None of the other places I usually check for legal information on sexual orientation and the law (ILGA; ECSOL; SOL LawGuide; AALS SOGI Global Legal Resources) seem to have made available a current comparative survey of gays in the military. The ILGA website makes available a thematic world map depicting which countries allow gays and lesbians to serve in the armed forces, but the website’s country surveys don’t seem to include citations to or texts of the laws. Some individual publications cover the issue, from the old 1993 GAO survey, Homosexuals in the Military: Policies and Practices of Foreign Countries, to the recent Gays in Foreign Militaries 2010: A Global Primer (authored by various public policy researchers at the Palm Center, formerly the Center for the Study of Sexual Minorities in the Military; the Primer includes a list of the 25 countries at page 137, including Canada, that allow openly gay military service), and Suzanne B. Goldberg, Open Service and Our Allies: A Report on the Inclusion of Openly Gay and Lesbian Servicemembers in U.S. Allies’ Armed Forces (2011). A Wikipedia article lists 43 countries that allow gay people to serve in the military. And a 2004 study mentions that, in 1974, the Netherlands became the first country to allow openly gay military service. For Canada, Aaron Belkin and Jason McNichol published a 2000 study, Effects of the 1992 Lifting of Restrictions on Gay and Lesbian Service in the Canadian Forces: Appraising the Evidence.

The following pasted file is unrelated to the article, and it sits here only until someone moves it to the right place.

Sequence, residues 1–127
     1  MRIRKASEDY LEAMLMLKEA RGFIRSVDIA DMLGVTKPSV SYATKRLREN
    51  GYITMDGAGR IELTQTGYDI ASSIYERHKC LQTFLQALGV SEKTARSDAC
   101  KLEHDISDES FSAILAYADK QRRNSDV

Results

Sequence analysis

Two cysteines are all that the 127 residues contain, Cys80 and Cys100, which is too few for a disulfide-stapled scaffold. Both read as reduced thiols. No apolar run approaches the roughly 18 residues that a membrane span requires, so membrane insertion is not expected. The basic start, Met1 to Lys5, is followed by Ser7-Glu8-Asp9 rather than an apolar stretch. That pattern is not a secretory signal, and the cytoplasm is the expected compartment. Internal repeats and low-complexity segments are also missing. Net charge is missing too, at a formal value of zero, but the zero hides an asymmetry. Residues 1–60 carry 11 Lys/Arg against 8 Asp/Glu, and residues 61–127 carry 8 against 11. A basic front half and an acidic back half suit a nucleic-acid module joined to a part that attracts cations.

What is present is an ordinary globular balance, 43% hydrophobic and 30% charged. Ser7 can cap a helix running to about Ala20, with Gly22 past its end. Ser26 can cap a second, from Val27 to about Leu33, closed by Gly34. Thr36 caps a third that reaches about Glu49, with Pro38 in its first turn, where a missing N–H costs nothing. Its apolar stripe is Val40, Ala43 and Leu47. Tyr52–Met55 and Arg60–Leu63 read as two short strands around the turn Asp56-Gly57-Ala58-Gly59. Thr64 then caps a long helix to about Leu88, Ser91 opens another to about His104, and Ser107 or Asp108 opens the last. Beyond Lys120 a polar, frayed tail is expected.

1. This is a remarkable list of resources, one more of innumerable examples of what information the Internet puts at all our fingertips (if you know how to look… which is why having a professional guide helps!)

    As a very minor quibble, I would not describe the Vriend decision as just a case of wrongful dismissal. The reason to care about it is that the court decided whether sexual orientation must be read into a provincial human rights code as a prohibited ground of discrimination. (Answer, of course: yes.)